Comox Dec 17 The Comox CBC was held on 17 December 2023 in cool, overcast weather, but no wind, with 65 birders in 26 parties, mostly of 2-3 birders, and 2 feeder counters. We had a good count with 111 species and 33,317 individuals recorded on count day, and 4 additional species recorded during count week. Unusual species on count day were Ruddy Duck, Mourning Dove, Ruddy Turnstone, Rhinoceros Auklet, Northern Pygmy-Owl, White-throated Sparrow, and Harris’s Sparrow. Unusual species during count week were Wood Duck and Ring-necked Pheasant. In general, waterbird numbers were strong and forest birds were average. Also notable were a minimum of 2000 Pacific Loons in a single feeding flock at the edge of a deep-water gully near the Komas Bluff area on Denman’s NE shore. Art Martell, compiler.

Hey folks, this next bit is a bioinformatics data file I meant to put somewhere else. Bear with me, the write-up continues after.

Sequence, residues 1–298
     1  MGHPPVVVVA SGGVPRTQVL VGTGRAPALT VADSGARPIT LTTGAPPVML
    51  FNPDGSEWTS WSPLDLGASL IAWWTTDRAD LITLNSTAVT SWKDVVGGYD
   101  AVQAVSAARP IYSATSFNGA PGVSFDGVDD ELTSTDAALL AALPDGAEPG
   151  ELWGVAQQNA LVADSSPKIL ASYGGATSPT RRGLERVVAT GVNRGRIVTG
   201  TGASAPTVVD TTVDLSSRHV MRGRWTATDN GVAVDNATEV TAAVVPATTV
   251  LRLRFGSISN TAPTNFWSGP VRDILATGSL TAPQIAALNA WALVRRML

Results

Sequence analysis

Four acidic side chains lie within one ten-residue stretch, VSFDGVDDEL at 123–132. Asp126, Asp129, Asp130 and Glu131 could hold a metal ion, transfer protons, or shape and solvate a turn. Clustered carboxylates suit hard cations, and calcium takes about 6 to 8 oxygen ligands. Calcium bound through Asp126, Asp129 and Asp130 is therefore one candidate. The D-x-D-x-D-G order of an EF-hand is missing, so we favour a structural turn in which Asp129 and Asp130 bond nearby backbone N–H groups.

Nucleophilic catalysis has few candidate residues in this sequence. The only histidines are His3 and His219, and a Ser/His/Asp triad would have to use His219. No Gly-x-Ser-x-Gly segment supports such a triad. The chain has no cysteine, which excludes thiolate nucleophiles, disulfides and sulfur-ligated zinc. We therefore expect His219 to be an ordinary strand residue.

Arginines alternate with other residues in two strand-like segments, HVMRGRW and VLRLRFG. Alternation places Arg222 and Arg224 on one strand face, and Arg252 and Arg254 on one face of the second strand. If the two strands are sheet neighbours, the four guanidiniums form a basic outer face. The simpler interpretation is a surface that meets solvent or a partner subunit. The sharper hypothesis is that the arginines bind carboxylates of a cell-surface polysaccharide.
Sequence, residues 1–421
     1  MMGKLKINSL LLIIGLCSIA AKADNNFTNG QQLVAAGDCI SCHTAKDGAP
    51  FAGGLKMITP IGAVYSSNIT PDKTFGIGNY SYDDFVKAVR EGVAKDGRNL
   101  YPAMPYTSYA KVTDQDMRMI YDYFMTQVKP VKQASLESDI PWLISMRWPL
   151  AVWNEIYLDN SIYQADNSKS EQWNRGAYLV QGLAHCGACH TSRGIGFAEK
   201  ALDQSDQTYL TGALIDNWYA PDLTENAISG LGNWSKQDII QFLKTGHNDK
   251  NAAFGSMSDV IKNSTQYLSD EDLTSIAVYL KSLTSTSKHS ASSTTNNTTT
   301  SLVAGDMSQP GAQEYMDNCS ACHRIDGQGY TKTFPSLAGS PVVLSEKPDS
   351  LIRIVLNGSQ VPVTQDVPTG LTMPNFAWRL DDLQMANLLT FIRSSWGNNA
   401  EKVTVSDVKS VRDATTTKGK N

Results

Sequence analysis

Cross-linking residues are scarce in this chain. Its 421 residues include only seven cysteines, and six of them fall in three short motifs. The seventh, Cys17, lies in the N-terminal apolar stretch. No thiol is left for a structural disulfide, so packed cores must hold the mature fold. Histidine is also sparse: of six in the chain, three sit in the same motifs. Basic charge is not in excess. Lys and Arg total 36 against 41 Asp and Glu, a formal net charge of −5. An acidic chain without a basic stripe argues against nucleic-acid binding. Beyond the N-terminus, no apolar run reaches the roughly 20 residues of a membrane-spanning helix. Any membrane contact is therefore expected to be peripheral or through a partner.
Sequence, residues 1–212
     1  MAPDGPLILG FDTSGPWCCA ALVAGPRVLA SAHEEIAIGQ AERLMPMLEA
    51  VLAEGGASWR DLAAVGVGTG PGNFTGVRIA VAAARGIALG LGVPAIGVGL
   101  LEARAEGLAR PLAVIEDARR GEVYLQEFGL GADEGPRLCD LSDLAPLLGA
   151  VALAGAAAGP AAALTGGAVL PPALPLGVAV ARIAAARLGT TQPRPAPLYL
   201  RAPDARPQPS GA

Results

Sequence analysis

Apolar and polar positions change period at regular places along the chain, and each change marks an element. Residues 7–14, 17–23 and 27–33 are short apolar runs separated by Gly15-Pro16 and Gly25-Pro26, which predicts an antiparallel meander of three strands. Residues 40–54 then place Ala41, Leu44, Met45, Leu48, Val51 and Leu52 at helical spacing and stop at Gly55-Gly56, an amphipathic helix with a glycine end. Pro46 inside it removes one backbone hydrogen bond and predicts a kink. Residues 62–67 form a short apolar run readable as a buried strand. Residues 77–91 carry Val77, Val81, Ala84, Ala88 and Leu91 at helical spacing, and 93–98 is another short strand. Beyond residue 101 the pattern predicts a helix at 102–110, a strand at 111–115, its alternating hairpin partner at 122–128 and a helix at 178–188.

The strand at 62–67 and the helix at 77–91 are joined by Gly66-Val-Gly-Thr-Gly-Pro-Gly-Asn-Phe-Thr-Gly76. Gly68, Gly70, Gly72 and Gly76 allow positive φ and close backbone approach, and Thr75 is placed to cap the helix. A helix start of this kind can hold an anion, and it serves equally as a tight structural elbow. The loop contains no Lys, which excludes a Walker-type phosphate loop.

Cortes Island Dec 17 Sunday, December 17 was a lovely day to conduct our Audubon’s Christmas Bird Count. It was calm with some early fog but turned sunny and mild at 5 to 7 C. A total of 28 participants participated, and another 10 or so reported from their feeders at home. The “count day” was bracketed on each side by three days of observation defined as “Count Week” – CW. Our species count was 67, and we counted 2873 birds. 4 further species were observed during the count week. The average # of species recorded in 22 years is around 70. The total # of individuals was about average as well.The most common seabird is the Surf Scoter with 1411 – the highest total since 2001 with 1440. The second place went to the Bufflehead with 133, the highest since 2005 (136). White-winged Scoter came in at 56 – most since 2005 (134). The Greater Scaup had the highest # ever with 65, and the Harlequin had 77, the most in five years. Common Loon came in at 70 – the highest # ever. Red-necked Grebes also set a record at 60. Horned Grebes, 60, and one Eared Grebe were noted in Seaford. No Western Grebes were recorded on the count week, but approximately 100–200 were spotted off Read Island two weeks after the count. This bird was missed during our CBC count as the species prefers deep water and is hard to observe from shore. The Great Blue Heron came in at 15, an 8-year high (16). In the 22 years of observation, the number 15 was seen only once, in 2004. It’s great to see this wonderful bird make a comeback!“Hundreds” of ducks were observed in the distance at Sutil Point, but this area was hard to reach due to the high tides and the need for more observers to scout the area. The reef off Marina Island was not censused; it would also add hundreds of seabirds to the tally. Shark Spit was visited by a kayak from Whaletown. One explanation for the high numbers of seabirds observed is possibly because of the excellent conditions: the sea was glass calm with hardly any wind, and the sun helped as well; around 2100 seabirds were identified! A bird of note is the Semipalmated Plover in Whaletown and 4 Killdeer in Smelt Bay. Greater Yellowlegs came in at 3, again in Whaletown. And it should be noted that two weeks later, 14 Yellowlegs were seen in Whaletown Bay! This species has been moving north over the years, possibly due to the mild weather, as ice in the bay would make it hard for them to feed. Gulls were low in numbers.22 Bald Eagles and 1 Red-tailed Hawk.  Sharp-shinned & Cooper’s Hawk were also spotted, and it was great to get 2 Pygmy Owls and a Barred Owl. Pygmies are making a slow comeback.Some forest bird numbers were down. No Red-breasted Sapsuckers were spotted on the day of the count but were seen during the CW. They are secretive. Other woodpeckers were about average. 14 Anna’s Hummingbirds came in from bird feeders, an average. All the finches/sparrows were down in numbers. The cyclic Red Crossbill (4) and Pine Siskin (1) are at a low point. Juncos dropped from 717 last year to 129. Most of the finch and sparrow records come in from feeders.Overall, it was a great day for the count. The fair weather certainly helps birders to spot the birds. – George SirkHere is a complete checklist of the count.